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The Executive Clemency Board appealed the district court's orders denying in part its motion for summary judgment and permanently enjoining Florida's former system for re-enfranchising convicted felons. Plaintiff and other convicted felons alleged that the former system facially violated their First and Fourteenth Amendment rights. The district court granted plaintiff's motion on three of four counts, and issued permanent injunctions prohibiting the Board from enforcing the then-current vote-restoration system, ending all vote-restoration processes. In 2016, Florida voters amended their state constitution as it concerns the re-enfranchisement of convicted felons. In 2019, Florida's legislature revised its statutory scheme for re-enfranchisement. Plaintiff claimed that he and the other convicted felons are eligible to seek restoration of their voting rights. Therefore, the Eleventh Circuit held that this case is moot and vacated in part the district court's order on cross-motions for summary judgment dated February 1, 2018; vacated the district court's order directing entry of judgment dated March 27, 2018; and remanded with instructions to dismiss. View "Hand v. Desantis" on Justia Law

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On petition for rehearing, the Eleventh Circuit vacated and reconsidered its original opinion, substituting the following opinion. The court affirmed the district court's grant of GDC's motion to quash plaintiffs' subpoena directing GDC to testify at a Rule 30(b)(6) deposition and to produce documents concerning Georgia's lethal injection protocol. Plaintiffs argued that the information was necessary to support their 42 U.S.C. 1983 claims pending in the Southern District of Mississippi challenging the legality of Mississippi's lethal injection protocol. The court held that the district court applied the correct standard of review, the clearly erroneous or contrary-to-law standard, to the magistrate judge's ruling on the motion to quash. The court also held that the district court did not abuse its discretion by affirming the magistrate judge's ruling to grant GDC's motion to quash where the relevance of the information sought in the GDC subpoena to the pending section 1983 litigation was highly questionable; the subpoena subjected GDC to an undue burden which mandated the quashing of the subpoena under Rule 45(d)(3)(A)(iv); and compliance with plaintiffs' subpoena would impose an undue burden on the State of Georgia. View "Jordan v. Georgia Department of Corrections" on Justia Law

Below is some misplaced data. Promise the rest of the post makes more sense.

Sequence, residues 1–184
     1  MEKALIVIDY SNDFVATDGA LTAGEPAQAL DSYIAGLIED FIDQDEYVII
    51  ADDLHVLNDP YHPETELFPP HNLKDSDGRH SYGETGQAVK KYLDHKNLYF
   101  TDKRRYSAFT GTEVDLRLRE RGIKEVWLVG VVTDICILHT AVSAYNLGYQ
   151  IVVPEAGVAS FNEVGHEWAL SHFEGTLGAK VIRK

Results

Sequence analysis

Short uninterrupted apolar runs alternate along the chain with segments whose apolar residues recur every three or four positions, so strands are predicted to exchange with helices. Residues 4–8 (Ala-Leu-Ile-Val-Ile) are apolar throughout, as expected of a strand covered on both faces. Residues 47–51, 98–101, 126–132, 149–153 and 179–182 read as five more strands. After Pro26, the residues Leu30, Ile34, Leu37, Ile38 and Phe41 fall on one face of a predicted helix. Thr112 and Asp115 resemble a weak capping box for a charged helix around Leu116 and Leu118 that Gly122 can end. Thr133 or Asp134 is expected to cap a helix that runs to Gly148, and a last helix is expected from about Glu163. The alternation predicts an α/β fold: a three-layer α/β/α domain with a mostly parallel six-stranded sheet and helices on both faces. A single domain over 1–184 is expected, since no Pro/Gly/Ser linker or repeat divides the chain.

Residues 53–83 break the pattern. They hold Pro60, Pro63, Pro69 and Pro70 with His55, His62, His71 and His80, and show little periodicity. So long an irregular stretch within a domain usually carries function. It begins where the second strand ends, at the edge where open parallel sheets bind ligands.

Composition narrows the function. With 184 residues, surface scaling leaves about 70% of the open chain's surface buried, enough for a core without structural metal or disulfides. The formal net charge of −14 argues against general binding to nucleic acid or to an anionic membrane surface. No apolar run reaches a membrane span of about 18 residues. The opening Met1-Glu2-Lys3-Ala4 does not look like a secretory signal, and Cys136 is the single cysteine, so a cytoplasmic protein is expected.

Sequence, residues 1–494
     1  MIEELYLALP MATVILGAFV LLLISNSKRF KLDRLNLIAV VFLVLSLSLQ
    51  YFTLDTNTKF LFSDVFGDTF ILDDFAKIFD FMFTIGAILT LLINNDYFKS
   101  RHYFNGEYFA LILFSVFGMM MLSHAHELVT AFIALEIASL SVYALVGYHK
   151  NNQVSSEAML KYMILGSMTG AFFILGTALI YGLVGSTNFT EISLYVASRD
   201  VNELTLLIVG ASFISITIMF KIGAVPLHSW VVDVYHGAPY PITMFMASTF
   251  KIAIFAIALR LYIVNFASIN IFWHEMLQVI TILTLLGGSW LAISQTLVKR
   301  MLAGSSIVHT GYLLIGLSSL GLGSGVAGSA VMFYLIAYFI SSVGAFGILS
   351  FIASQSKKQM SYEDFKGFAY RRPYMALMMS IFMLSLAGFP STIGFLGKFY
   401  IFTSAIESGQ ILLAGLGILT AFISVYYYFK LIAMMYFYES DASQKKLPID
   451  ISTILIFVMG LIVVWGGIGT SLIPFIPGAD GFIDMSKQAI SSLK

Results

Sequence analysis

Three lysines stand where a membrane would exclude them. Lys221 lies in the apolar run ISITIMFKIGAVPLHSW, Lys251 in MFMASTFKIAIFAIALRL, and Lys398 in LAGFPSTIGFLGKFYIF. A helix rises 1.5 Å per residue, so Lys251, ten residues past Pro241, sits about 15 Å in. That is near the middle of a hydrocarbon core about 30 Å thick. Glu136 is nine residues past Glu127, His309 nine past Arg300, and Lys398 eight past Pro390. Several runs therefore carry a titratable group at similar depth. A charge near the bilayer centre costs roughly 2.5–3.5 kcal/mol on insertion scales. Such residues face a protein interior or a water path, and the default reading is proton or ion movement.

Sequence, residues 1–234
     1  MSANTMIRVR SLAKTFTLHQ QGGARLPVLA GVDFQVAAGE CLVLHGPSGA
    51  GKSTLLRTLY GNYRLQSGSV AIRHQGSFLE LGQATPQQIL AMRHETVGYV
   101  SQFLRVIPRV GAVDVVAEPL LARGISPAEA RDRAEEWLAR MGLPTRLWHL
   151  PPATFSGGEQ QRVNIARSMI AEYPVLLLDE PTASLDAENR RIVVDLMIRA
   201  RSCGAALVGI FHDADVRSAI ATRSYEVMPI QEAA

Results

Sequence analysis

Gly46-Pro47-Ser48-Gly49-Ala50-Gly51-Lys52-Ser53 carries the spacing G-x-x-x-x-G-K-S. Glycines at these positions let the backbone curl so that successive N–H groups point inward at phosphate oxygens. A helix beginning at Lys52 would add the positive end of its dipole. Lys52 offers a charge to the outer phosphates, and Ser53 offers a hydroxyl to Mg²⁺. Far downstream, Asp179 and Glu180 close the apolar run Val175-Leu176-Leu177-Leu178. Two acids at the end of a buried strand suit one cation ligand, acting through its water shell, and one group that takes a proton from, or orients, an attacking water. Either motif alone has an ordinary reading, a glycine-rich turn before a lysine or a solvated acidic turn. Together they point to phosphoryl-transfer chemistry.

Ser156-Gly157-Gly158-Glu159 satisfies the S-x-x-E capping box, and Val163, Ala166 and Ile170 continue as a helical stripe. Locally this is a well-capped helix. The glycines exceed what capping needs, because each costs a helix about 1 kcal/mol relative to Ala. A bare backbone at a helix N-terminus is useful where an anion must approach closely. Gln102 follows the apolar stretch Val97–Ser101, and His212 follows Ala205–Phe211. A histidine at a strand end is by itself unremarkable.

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Defendant appealed the district court's denial of its motion for judgment as a matter of law, or in the alternative, motion for a new trial or remittitur. In this Fair Credit Reporting Act (FCRA), the Eleventh Circuit affirmed the district court's denial of defendant's motion for judgment as a matter of law to the extent it challenged the reputational harm claim and the willfulness claim. However, the court vacated the jury's punitive damages award and remanded the case to the district court to enter a judgment awarding plaintiff $1 million in punitive damages. The court held that, although punitive damages were properly awarded, a $3.3 million dollar award was unconstitutionally excessive. View "Williams v. First Advantage Background Services Corp." on Justia Law

Posted in: Consumer Law